20. Wall-E (d. Andrew Stanton; 2008)
Easily Pixar’s best and brightest film, the opening act of Wall-E is a virtuoso feat, creating a stunningly photorealistic environment and drawing on shades of Chaplin and Keaton to orchestrate its robot love story with no words at all – just beautiful sounds and images that seem to pour one after the other in an endless flow. Of course, it then launches into satire, chase, meditation, and finally heartwarming emotion as it blossoms into a beautiful tour de force of animation.
19. O Brother, Where Art Thou? (d. Joel Coen; 2000)
The Coens claim they’ve never read Homer’s “The Odyssey,” but that seems largely impossible given the deftness of their adaptation, which superbly and effortlessly translates the story to Depression-era South. Much like ancient Greece, the “South” has a series of myths and standards of representation, and they’re all on cheeky display here: grainy tapestries, wheat fields, lower class ignorants, seedy politics, the KKK, and river baptisms. Its loose structure is carefully woven with a bluegrass palette as the Coens use screwball comedy as a way to expose how the South gets treated on film. Not to mention its fabulous cast is jaw-droppingly funny, throwing the Coens’ flair for colloquialisms at a lightning-fast rate.
18. The White Ribbon (d. Michael Haneke; 2009)
One of the genius theorist/filmmakers of the decade, Haneke’s latest film (for which he finally won the Palme d’Or) feels born not only of his styles and ideas but also those of Bergman and Antonioni. It’s a displaced, patient film that ambiguously creates a mystery with no resolution and no meaning. Indeed, the plot seems to matter not at all, a series of unsolved instances instigated by an unseen force (Haneke himself?) that sparks an indictment of German society on the brink of World War I. In detailing the fragmenting culture several years before the rise of National Socialism, Haneke’s thoughtful film borders on formal perfection, with brooding cinematography that lingers and examines.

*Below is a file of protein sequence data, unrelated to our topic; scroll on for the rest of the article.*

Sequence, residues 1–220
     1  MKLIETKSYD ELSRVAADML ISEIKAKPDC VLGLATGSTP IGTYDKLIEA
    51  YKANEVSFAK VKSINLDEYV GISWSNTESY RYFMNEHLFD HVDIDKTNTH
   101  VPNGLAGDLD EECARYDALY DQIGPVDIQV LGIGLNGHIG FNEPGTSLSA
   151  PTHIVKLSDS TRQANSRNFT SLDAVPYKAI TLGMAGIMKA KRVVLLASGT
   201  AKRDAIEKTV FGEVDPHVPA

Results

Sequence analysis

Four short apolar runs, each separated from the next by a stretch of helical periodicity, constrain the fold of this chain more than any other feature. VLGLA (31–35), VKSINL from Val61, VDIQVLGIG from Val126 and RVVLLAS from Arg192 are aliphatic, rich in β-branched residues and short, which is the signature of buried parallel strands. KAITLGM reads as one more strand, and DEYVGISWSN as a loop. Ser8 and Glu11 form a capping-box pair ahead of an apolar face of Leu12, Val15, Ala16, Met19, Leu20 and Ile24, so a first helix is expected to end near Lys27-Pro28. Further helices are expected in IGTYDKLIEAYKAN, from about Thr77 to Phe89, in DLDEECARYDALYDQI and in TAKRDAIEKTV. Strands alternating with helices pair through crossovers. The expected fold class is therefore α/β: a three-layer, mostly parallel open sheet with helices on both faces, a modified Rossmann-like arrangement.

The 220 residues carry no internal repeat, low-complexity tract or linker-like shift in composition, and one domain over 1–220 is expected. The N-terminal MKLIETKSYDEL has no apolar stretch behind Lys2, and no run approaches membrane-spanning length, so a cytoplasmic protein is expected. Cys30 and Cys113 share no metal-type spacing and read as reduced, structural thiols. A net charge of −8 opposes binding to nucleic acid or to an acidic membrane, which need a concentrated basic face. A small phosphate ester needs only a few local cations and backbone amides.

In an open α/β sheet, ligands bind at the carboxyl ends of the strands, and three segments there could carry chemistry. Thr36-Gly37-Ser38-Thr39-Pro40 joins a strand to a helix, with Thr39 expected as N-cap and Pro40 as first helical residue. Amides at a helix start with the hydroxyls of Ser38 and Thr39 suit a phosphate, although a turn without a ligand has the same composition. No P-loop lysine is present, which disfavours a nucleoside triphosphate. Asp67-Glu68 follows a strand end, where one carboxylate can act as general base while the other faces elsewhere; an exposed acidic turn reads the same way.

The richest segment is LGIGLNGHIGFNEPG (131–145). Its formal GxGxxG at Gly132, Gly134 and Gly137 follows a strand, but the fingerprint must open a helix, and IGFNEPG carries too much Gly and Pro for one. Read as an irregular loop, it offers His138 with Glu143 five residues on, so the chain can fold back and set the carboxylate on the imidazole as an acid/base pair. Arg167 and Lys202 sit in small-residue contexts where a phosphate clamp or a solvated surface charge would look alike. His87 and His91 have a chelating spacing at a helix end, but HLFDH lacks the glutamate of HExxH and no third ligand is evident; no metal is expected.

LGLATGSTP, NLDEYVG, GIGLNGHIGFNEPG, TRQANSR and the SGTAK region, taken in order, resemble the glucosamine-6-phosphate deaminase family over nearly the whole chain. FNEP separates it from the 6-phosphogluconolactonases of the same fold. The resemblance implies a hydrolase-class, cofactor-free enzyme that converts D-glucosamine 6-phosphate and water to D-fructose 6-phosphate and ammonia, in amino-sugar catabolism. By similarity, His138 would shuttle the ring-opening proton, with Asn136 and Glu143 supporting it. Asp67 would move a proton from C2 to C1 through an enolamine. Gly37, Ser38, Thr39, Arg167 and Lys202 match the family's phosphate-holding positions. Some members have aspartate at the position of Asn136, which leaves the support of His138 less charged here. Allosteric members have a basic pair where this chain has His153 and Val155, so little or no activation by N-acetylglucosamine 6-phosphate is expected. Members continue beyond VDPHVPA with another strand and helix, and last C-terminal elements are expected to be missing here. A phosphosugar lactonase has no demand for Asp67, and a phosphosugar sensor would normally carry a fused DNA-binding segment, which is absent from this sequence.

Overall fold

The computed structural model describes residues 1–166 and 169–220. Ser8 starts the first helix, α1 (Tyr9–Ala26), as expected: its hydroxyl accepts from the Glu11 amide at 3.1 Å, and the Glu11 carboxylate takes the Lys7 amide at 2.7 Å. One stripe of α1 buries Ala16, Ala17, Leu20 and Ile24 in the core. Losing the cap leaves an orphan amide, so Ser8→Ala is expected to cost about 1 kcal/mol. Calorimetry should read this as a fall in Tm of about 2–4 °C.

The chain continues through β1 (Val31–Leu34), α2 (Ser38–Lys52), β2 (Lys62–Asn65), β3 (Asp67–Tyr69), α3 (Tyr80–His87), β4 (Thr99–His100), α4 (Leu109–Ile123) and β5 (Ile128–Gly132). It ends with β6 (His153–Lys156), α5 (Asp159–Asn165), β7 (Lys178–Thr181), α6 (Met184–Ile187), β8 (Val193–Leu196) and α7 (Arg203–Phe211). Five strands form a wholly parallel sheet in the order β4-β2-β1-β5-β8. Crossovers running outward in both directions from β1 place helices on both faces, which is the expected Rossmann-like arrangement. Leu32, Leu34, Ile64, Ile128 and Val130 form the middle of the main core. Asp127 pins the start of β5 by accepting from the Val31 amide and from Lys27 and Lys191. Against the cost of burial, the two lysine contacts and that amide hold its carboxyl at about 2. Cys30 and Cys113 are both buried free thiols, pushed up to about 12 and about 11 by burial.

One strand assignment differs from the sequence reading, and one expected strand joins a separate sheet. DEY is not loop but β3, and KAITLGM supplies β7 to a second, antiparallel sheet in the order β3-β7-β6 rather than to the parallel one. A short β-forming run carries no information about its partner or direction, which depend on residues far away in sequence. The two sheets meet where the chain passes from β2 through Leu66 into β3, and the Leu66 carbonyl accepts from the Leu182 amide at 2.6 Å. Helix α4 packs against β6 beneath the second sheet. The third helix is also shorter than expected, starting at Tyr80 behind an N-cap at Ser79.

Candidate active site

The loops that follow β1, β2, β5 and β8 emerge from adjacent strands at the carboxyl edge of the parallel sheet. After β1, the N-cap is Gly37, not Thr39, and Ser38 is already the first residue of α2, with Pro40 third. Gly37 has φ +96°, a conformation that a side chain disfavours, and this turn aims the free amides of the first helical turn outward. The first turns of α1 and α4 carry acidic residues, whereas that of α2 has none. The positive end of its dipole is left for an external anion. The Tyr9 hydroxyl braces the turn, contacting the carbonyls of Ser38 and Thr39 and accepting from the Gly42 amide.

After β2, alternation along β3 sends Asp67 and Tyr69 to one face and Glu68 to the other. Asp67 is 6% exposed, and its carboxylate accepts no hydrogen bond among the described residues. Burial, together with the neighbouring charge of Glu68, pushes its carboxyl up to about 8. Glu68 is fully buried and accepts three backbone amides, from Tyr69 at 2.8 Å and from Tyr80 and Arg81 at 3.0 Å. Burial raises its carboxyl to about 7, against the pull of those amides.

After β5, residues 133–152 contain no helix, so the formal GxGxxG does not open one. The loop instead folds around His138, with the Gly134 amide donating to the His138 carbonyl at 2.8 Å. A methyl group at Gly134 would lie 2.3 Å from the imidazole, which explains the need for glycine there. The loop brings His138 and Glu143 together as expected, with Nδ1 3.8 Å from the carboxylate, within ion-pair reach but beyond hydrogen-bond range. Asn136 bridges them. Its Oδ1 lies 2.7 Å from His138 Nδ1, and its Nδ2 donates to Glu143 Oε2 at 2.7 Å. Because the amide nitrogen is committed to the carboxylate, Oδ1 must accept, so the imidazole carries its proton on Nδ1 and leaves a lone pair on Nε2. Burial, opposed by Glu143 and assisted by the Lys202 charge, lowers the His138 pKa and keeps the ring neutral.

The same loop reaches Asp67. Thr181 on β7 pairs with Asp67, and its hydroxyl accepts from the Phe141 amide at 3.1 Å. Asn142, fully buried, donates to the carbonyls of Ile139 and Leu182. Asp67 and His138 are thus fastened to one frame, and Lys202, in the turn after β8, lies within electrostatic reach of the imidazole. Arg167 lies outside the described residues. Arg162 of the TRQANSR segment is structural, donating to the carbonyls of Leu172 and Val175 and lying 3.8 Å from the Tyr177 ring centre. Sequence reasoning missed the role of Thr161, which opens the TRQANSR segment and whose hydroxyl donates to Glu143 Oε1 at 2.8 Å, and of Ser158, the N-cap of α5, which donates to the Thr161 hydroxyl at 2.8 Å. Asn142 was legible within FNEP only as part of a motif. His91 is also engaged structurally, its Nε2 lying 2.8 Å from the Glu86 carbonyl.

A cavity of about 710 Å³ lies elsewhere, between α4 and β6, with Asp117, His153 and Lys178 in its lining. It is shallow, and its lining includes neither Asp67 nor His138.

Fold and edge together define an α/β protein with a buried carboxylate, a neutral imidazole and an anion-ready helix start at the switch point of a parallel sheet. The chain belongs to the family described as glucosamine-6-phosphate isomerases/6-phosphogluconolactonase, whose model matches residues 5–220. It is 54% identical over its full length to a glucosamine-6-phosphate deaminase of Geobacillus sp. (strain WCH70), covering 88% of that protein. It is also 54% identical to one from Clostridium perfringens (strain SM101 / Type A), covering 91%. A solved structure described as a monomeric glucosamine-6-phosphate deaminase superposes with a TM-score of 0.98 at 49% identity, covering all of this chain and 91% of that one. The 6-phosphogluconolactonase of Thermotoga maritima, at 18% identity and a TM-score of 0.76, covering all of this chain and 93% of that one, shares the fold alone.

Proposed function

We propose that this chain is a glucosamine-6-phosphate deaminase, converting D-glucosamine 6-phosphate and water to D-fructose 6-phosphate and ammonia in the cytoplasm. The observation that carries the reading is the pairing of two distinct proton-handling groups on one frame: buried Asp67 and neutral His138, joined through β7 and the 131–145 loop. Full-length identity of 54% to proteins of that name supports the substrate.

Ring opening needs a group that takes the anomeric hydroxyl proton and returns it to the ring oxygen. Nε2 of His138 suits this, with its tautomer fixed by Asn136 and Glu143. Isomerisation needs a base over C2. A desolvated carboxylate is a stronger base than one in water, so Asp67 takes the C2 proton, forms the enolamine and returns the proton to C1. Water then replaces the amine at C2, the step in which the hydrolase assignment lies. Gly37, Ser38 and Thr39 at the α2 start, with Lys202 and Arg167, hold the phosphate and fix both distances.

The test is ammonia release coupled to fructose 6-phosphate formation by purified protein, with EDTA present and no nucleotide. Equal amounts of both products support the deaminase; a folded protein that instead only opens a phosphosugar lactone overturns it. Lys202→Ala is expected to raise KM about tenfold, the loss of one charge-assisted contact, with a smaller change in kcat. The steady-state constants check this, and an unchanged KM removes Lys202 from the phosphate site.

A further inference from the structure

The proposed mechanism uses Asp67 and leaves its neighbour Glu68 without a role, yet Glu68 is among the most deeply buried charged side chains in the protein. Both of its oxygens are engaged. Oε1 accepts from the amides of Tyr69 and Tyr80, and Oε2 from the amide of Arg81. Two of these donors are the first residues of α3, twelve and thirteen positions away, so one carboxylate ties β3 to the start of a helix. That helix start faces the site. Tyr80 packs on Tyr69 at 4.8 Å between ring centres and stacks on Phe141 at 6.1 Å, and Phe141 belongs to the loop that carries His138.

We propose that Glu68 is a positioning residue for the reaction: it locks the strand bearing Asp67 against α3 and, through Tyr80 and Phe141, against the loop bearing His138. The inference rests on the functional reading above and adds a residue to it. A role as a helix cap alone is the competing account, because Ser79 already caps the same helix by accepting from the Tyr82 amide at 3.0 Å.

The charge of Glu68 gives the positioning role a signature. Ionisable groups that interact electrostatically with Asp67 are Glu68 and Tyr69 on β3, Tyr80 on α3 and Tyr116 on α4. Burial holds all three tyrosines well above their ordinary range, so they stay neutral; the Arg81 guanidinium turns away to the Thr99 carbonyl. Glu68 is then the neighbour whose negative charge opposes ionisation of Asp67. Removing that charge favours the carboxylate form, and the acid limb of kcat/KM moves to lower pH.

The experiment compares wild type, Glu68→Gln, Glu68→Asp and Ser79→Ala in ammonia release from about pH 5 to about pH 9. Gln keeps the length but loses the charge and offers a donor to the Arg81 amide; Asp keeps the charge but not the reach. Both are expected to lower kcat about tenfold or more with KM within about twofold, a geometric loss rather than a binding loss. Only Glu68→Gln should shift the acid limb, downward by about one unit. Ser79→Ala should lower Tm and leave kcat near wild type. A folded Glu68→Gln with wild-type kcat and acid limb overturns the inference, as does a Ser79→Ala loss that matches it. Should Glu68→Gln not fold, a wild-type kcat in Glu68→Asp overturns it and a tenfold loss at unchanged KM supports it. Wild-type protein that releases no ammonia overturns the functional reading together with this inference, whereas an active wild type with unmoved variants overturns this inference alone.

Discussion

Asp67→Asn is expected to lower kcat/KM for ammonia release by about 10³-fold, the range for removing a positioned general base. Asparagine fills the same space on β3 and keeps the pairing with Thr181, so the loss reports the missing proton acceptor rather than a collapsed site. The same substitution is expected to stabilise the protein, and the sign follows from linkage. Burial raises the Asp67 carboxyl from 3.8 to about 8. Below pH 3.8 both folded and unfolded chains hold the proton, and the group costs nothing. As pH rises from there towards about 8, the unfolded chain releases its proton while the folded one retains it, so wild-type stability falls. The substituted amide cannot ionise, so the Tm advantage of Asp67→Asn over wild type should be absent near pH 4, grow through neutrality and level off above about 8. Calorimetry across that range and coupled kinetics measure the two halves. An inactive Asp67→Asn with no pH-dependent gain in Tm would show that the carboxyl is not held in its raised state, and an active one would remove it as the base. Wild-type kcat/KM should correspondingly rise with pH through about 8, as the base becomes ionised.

17. The Assassination of Jesse James by the Coward Robert Ford (d. Andrew Dominik; 2007)
The most fitting and encapsulating eulogy on the western’s provocative, mythological power since “Unforgiven,” Dominik’s film is an unending beauty that deconstructs the virtues and nature of one of the west’s most captivating and mediated outlaws through the eyes of the boy who kills him. Predator and prey stalk each other through passages that feel more like dime novel prose (in the best sense of the phrase), with the two leads torn between the mortal confines of their world and the desire to mediate their own legend. Indeed, it’s a film about mediation, about how the west gets remembered, about how historical figures ascend a ladder of memory through spectacle and regurgitation – what the film western has done for a hundred years and will hopefully do a hundred more.
16. Brokeback Mountain (d. Ang Lee; 2005)
Perhaps tragically labeled “that gay cowboy movie” as it became a pop culture phenomenon, one of the few films whose title meant something the movie arguably isn’t even about, “Brokeback Mountain” has the guts to explicitly depict one of the nagging tendencies of film western criticism, even as it complicates ideas about homosexuality, masculinity, nature and civilization, and how society dictates manner. With some of the most striking nature cinematography of the decade, and a bravura performance from the late Heath Ledger, “Brokeback” asks why the cowboy matters as a symbol of masculine superiority under the guise of a melodrama.
15. The Dark Knight (d. Christopher Nolan; 2008)